What is a mechanics lien?
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Map of Deadlines & Rules
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Use the lien deadline calculator to find out if you can file a mechanics lien, and whether you need to send a notice. Enter project dates and information to identify the deadlines and required notices in your state.
Download free mechanics lien forms for any state and any project. These fill-able PDFs are easy to use and have been created by construction attorneys to meet the legal requirements.
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A mechanics lien is a legal claim on a home or other property, filed by an unpaid contractor or material supplier. The lien attaches to real property, providing the unpaid party with a security interest in the property itself. If the claim is not settled, the lien may lead to foreclosure, forcing the sale of the property to satisfy the debt.
Mechanics liens are typically only available on private construction projects, like residential, commercial, or industrial projects. (On public projects, unpaid parties are typically able to recover payment by filing a bond claim.)
How do mechanics liens work?
When a construction business performs labor or provides materials to a building project, they generally have the right to file a mechanics lien if they don’t receive payment. When a contractor files a mechanics lien, they gain a security interest in the home or property. The lien clouds the real estate title, making it difficult for the homeowner or property owner to sell it until the lien claim is paid.
Mechanics liens are very effective at spurring payment because they put financial pressure on the property owner and/or project lender.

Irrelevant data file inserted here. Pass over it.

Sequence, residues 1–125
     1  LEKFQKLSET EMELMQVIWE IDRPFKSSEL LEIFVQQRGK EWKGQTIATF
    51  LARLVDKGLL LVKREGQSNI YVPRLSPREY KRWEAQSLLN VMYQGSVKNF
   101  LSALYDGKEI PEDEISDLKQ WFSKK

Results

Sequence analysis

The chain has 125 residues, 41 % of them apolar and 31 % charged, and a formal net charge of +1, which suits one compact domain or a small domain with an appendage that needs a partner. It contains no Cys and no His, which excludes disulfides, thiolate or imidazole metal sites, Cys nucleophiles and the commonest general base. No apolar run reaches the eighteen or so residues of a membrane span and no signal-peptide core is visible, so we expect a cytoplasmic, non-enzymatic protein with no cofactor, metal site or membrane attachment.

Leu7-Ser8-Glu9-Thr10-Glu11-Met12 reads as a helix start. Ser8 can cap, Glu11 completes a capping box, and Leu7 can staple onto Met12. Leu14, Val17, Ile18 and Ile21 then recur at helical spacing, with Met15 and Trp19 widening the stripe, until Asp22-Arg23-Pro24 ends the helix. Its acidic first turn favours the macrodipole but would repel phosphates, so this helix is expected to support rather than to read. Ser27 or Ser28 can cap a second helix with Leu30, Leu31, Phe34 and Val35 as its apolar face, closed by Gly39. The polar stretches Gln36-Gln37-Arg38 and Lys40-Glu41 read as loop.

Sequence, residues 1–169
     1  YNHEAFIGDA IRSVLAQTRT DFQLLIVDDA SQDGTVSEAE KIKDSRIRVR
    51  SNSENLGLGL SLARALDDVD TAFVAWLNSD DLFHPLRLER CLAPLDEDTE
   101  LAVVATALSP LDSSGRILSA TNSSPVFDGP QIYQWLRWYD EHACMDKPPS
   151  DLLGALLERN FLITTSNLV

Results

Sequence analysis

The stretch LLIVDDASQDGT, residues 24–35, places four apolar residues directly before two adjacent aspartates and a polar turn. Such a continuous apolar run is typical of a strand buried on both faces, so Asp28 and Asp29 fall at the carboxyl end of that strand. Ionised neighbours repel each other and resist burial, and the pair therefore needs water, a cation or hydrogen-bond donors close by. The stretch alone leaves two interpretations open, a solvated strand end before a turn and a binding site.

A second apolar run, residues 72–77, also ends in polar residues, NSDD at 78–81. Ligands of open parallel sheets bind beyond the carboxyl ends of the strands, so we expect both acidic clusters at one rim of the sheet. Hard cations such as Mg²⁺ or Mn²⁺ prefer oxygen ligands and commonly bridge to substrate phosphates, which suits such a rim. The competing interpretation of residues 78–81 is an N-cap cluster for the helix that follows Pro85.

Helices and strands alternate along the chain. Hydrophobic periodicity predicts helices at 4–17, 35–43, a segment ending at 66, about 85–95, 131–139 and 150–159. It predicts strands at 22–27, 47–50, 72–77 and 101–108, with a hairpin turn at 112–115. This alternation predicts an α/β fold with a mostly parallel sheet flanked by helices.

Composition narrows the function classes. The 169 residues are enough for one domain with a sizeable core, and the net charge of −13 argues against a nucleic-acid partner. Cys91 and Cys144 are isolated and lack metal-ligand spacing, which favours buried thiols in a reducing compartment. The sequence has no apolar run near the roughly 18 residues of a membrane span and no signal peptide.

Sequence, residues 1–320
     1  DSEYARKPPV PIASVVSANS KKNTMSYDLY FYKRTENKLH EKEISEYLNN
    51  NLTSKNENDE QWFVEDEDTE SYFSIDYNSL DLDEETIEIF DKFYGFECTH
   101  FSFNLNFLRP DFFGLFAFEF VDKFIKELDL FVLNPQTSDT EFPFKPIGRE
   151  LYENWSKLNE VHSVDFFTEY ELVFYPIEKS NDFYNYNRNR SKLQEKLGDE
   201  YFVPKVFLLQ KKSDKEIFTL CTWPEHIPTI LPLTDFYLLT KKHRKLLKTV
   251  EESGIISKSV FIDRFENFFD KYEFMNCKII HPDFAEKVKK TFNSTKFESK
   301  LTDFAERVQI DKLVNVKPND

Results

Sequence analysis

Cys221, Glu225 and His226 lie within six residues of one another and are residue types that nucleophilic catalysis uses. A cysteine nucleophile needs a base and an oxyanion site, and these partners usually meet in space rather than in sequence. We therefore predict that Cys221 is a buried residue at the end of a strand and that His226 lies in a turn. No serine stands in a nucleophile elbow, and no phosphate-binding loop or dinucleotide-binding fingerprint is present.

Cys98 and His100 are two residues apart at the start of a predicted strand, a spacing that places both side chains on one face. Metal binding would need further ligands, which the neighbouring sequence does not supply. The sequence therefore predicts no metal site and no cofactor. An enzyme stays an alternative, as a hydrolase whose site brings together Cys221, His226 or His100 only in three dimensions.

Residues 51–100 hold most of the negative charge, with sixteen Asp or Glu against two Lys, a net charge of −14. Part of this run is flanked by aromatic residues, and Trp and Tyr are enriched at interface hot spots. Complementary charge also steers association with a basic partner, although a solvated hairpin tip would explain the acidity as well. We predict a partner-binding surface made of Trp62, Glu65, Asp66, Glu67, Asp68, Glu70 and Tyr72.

Who can file a mechanics lien?
In general, anyone who makes a permanent improvement to real property can file a mechanics lien. Each state has their own laws that define who has the right to file a lien. Typically, general contractors, subcontractors, material suppliers, and laborers have lien rights. Some states also extend this protection to equipment lessors, architects, engineers, and other design professionals.
However, the right to file a lien is not absolute. In most states, contractors and suppliers must provide a preliminary notice at the start of the project and/or a notice of intent prior to filing a lien. Failure to provide a required notice by the statutory deadline can cause a contractor to lose their right to claim a lien.
How to file a mechanics lien
If a potential claimant meets all of the criteria required by the state, filing a mechanics lien generally involves three steps: completing the lien form, filing it with the county recorder, and serving notice on the property owner. For a detailed breakdown of the process, see: How to file a mechanics lien in any state.
Keep in mind, many states have strict notice requirements that must be met before a lien claim can be filed, whether it be a preliminary notice sent at the outset of the project, monthly notice requirements (in states like Texas & Tennessee), or a notice of intent to lien requirement sent prior to filing. Be sure to educate yourself on your state’s specific requirements.
1. Complete a valid mechanics lien form
Each state has its own rules about the information and formatting required on the lien claim itself. The claimant must complete the form accurately, including details about the property location, the amount owed, a description of work or materials provided, and other relevant information.
Download a free mechanics lien form for any state. All of our forms are prepared by construction attorneys to meet each state’s legal requirements.
2. Record the lien with the county
The claimant must file their completed lien form in the recorder’s office in the county where the property is located. Lien filing fees can varies widely, from just $5 to hundreds of dollars, depending on the county. Typically, a lien claim can be filed in-person, by mail, or electronically in some locations.
Find a county recorder office to get contact information, filing fees, and more.
3. Serve notice to the property owner
After filing a lien (or sometimes simultaneously), the claimant typically needs to notify the property owner. This is known as “serving the lien.” Some states also require the lien to be served on the property owner, the prime contractor and the construction lender, if one exists. Notice is typically served by certified mail, though some states have more complex requirements.